You know that feeling when you step off the roller coaster? When you stumble about, disoriented, because all that whipping around sharp corners and plunging down steep hills has suddenly stopped?
Yeah, me neither, because the last coaster I rode was the Runaway Mine Train at Six Flags Over Texas, sometime between 1975 and 1978. Why choose to be terrified? Life is scary enough.
However, I have experienced a disoriented feeling after I dismount my carousel horse at Knoebel’s. I’ve been going round and round and up and down while my ears are assaulted with loud calliope music. I can hardly walk a straight line.
(When was the last time you read anything with the word calliope in it? You’re welcome.)
So that’s my metaphor of choice for this teacher (and I wager many others) after the end of the school year. Now that the terrain has ceased twirling and the clamor has quieted, what’s next? Do I get on another ride? Sit on a bench? Buy a funnel cake?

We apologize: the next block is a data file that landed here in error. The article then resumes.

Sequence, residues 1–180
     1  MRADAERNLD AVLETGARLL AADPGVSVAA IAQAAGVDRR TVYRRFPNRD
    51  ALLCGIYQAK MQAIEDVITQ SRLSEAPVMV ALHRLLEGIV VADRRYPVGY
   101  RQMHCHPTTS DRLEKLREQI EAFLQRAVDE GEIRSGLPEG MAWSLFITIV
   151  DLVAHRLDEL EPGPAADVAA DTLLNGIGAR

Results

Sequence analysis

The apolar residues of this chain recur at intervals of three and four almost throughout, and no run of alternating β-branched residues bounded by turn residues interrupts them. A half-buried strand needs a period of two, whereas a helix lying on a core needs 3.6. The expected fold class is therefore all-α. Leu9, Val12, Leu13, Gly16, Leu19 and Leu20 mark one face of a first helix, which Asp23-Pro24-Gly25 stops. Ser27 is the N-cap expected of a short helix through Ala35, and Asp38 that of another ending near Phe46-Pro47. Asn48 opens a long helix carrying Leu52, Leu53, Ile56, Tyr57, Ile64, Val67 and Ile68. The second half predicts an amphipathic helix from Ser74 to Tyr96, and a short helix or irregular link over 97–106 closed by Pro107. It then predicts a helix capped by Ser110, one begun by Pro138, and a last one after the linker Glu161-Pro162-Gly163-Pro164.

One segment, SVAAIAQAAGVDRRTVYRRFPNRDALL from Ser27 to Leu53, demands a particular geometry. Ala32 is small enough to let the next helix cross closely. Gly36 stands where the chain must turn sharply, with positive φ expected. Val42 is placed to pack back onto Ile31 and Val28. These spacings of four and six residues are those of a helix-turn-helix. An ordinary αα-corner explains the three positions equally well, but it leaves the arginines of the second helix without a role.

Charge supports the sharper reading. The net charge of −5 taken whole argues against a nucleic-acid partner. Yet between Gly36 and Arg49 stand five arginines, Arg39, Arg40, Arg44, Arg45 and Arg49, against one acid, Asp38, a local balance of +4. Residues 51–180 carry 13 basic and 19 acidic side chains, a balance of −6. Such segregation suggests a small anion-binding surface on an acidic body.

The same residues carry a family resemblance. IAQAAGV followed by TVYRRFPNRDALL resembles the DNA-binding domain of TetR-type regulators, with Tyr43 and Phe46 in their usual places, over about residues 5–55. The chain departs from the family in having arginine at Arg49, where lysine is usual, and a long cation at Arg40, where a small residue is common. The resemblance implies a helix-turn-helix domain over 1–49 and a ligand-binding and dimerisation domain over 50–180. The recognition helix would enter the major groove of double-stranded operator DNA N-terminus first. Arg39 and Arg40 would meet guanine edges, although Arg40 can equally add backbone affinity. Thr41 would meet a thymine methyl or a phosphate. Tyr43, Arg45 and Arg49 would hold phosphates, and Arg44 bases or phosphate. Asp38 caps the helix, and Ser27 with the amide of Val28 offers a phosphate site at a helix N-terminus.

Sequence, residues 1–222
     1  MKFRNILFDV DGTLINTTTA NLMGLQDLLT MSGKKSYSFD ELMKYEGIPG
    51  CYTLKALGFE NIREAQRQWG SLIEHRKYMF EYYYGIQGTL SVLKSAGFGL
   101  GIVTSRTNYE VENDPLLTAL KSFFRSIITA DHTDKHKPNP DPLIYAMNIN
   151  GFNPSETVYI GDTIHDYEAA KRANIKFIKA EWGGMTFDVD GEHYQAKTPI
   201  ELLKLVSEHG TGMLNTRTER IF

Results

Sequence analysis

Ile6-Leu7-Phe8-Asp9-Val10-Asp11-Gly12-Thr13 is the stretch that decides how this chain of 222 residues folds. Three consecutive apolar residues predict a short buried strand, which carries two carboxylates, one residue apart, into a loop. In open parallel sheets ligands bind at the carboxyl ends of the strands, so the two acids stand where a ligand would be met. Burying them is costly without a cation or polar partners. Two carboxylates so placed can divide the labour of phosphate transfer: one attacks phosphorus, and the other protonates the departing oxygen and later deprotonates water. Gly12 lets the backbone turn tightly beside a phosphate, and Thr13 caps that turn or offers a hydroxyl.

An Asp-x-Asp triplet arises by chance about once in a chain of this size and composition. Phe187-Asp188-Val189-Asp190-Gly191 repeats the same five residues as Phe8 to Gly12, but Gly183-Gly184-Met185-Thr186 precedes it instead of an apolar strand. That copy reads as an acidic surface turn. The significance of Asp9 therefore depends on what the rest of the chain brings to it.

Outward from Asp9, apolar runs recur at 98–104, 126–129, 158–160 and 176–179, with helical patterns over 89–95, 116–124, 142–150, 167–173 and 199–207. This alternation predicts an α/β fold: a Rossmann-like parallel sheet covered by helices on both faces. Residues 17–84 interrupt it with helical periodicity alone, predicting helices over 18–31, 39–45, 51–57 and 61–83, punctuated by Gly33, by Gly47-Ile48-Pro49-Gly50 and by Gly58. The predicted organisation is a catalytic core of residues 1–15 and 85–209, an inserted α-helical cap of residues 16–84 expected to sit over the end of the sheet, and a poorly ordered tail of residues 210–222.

Past summers since my teaching ministry—I’d call it a career, but they’d have to pay me more—began in 1999, have had themes of rest, recovery, gadding about with other exuberant educators, and eating lunch out, which, technically, can be including in gadding about.
(That past sentence/paragraph is why they call me the Comma Queen.)
And I have to do something, anything, to my neglected house every summer.
But this summer presents a challenge I’ve not experienced before. It falls into the be-careful-what-you-pray-for category. This summer I must begin writing to fulfill a contract for two sequels to Surviving Meemaw. And I must begin writing to fulfill another contract for eight biblical short stories.
The opportunity I’ve prayed for and dreamed about waits expectantly for me to engage, as TNG’s Captain Picard would say.
Lord, teach me to number the minutes, hours, days, and weeks in my summer, that I may gain a heart of wisdom. (adapted from Psalm 90:12)